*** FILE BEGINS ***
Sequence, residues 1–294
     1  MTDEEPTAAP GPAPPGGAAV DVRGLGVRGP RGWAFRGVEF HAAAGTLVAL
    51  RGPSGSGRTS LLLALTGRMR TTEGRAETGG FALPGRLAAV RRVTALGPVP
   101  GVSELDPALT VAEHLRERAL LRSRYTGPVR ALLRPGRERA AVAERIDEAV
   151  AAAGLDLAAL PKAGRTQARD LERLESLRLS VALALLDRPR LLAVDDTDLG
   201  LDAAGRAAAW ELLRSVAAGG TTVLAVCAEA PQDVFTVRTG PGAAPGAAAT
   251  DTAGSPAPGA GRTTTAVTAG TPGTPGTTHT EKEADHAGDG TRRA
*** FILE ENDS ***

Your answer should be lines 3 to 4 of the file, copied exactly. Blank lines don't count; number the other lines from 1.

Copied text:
    51  RGPSGSGRTS LLLALTGRMR TTEGRAETGG FALPGRLAAV RRVTALGPVP
   101  GVSELDPALT VAEHLRERAL LRSRYTGPVR ALLRPGRERA AVAERIDEAV